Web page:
Staffing is the issue keeping NHS leaders awake at night - and which consumes two-thirds of trusts’ spending. The fortnightly The Ward Round newsletter, by HSJ workforce correspondent Annabelle Collins, will make sure you are tuned in to the daily pressures on staff, and the wider trends and policies shaping the workforce. Contact me in confidence

The pressure has been cranking up on NHS Test and Trace since its inception but with the schools back and infection rates on the rise, things have really come to a head this week.

I have lost count of the number of doctors, nurses, managers, not to mention teachers and other key workers, who have taken to social media at their wits' end, unable to get tested, or being directed to a testing centre at the other end of the country. There seems to be no quick solution to this testing mess.

Proper access to testing for the general public is of course a crucial part of getting back to some sort of normal.

But NHS staff should absolutely be prioritised. Not only because enabling staff to work is vital in getting electives and diagnostics back up and running again, which will be of huge benefit to the wider public, but because it would help staff, who have been through the most challenging, often traumatic, six months of their career, feel safer at work and provided for by their employer.

So, for staff listening to the HSJ workforce summit online on Tuesday it would have been galling to hear the NHS’s chief people officer Prerana Issar take on the issue.

“From staff I am not hearing right now that there’s a problem with staff getting tested,” she said, adding that “testing [for staff] is a key part of the strategy, of course, of the response to covid”.

The statement sparked a mix of incredulity, outrage and resignation on social media and in the comments below our story.

“I have an emergency medicine consultant self-isolating with no access to a test to get them back,” said one commenter.

“What a shambles... our staff were asked to go from East Sussex to Cardiff with their child... a six to eight hour round journey... 380 miles,” said another.

“Here in the West Midlands we have multiple staff off because they are waiting for tests, which they cannot access. Home testing kits being sent to some staff but those take much longer, with clinics being cancelled as a result,” added someone else.

Readers also debated whether Ms Issar had given a deliberately misleading answer to align herself with the government’s official line, or perhaps worse – she simply had not been getting good information.

This begs the question: what else has gone under her radar? With the second, and most important, part of the People Plan (the bit with the money and staffing numbers) in the works, this does not bode well and could also contribute towards a growing and unhealthy mistrust between the workforce and the centre.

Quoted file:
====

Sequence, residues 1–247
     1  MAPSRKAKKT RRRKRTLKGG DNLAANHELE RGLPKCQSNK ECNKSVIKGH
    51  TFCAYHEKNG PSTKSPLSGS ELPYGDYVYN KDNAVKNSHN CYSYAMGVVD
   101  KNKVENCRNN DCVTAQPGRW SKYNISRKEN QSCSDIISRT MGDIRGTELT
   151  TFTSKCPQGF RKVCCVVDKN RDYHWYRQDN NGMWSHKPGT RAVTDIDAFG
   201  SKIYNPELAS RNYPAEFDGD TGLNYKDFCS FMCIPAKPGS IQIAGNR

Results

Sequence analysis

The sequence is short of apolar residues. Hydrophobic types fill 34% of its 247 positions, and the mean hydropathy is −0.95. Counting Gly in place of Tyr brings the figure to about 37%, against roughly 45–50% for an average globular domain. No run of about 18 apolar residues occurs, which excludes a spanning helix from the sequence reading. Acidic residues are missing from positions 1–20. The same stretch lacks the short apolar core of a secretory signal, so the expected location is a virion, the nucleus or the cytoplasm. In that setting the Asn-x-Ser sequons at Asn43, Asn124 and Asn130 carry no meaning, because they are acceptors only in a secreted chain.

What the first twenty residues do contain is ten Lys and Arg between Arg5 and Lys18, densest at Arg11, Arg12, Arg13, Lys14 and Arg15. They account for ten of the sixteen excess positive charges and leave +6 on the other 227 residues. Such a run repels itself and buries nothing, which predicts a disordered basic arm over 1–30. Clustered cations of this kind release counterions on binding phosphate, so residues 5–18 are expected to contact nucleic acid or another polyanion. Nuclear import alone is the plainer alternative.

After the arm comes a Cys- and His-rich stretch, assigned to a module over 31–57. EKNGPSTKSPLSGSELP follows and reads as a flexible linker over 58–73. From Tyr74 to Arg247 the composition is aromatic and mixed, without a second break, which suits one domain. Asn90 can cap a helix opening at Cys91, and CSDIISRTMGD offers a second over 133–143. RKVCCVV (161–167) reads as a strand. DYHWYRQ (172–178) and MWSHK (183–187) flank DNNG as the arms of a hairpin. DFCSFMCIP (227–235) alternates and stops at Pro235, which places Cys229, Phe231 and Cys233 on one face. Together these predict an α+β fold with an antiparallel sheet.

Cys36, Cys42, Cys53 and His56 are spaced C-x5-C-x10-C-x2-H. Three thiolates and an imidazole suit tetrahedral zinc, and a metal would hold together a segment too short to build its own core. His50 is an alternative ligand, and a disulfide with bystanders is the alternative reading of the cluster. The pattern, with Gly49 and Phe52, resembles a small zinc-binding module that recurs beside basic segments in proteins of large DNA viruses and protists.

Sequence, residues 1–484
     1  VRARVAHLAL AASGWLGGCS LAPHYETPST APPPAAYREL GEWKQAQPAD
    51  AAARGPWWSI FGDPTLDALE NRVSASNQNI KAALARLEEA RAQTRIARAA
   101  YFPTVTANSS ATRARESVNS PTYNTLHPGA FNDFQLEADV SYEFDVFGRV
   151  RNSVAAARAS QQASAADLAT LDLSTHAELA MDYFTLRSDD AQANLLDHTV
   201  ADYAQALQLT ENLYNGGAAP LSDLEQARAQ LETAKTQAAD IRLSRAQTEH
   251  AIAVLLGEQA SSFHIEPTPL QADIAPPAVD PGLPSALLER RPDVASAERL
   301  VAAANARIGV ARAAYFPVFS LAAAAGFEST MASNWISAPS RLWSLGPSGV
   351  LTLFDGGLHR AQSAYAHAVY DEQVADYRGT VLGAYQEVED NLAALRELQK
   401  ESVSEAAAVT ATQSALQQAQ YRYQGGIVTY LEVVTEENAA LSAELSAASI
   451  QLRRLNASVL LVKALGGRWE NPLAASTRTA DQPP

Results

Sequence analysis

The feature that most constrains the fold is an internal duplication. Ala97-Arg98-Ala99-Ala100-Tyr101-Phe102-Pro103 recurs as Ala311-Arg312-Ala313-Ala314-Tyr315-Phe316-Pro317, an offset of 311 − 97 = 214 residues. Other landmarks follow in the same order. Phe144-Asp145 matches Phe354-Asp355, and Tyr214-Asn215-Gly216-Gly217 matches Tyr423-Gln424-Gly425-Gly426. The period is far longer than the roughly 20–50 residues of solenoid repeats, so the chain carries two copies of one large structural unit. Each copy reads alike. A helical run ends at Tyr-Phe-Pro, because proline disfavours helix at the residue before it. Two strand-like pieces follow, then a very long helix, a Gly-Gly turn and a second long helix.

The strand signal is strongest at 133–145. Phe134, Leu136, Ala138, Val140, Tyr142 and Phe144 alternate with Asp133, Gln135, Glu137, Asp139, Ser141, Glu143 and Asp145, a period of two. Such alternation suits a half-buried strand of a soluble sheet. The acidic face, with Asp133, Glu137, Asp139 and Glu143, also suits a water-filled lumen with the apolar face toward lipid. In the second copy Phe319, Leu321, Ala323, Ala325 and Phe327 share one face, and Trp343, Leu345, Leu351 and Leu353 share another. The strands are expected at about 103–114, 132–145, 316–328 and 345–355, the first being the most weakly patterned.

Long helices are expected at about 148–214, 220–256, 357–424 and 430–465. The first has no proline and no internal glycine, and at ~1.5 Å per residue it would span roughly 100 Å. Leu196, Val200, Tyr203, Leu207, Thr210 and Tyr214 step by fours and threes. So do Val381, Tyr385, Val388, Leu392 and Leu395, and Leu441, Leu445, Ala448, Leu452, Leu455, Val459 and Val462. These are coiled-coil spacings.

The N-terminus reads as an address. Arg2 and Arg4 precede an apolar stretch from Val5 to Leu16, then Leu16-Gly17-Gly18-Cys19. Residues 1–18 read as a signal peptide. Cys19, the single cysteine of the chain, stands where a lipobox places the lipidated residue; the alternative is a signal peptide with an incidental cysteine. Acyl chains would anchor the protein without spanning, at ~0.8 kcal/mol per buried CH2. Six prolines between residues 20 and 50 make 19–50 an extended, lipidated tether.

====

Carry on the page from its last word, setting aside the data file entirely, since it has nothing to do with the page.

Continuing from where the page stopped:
Over the last six months, NHS staff have had to grapple with more than ever has been required of them. We heard at the workforce summit of experienced allied health professionals being "redeployed" into community nursing teams. Consultants sent to work in intensive care despite years spent in another specialty. Nurses breaking the worst of news to families at the end of the phone. Porters making countless daily trips to the mortuary. Staff still experiencing lingering covid symptoms and PTSD.

The very least NHS England and Improvement leadership could do is level with them. A little honesty – and respect – goes a long way. The workforce should never have been misled over this vitally important issue.

Collective resilience

With these experiences in mind, it was no surprise that the most common question asked at the summit by delegates was: how do we support our staff to get through winter?

During a session on prioritising staff wellbeing, Sonya Wallbank, head of culture transformation for NHSE/I said her team’s focus had been on ensuring staff were “ready and able” to do their best work, even if there is a second peak over the winter.

“Staff know, having gone through this once, what it might look like for a second time,” Dr Wallbank said, although she acknowledged personal health and wellbeing needs often fall by the wayside in times of tension.

Dr Wallbank said the current phase – what system leaders are calling the recovery phase – was enabling staff to take a breath and reflect on what they’ve been through. But for many, this pause has never materialised, as it has been all hands on deck to get NHS services back on track, cope with ever increasing A&E attendances, and in some cases, creeping covid cases.

During the same session, Neil Greenberg, professor of defence mental health at King’s College London, stressed the need for staff to have “psychologically savvy chats” with team members and direct managers. He stressed how good and supportive relationships between colleagues were even more important than access to a mental health professional.

“What’s really important is we do everything we can to reinforce the bonds between team members and their immediate supervisor,” he said. “Resilience lies between individuals.”

Many NHS workers will have relied on their colleagues' support to get them through each day during the peak, but the health service's collective resilience has taken a battering over the last few months. Staff of course need each other, and strong management, but they also need to feel national leadership has also got their back.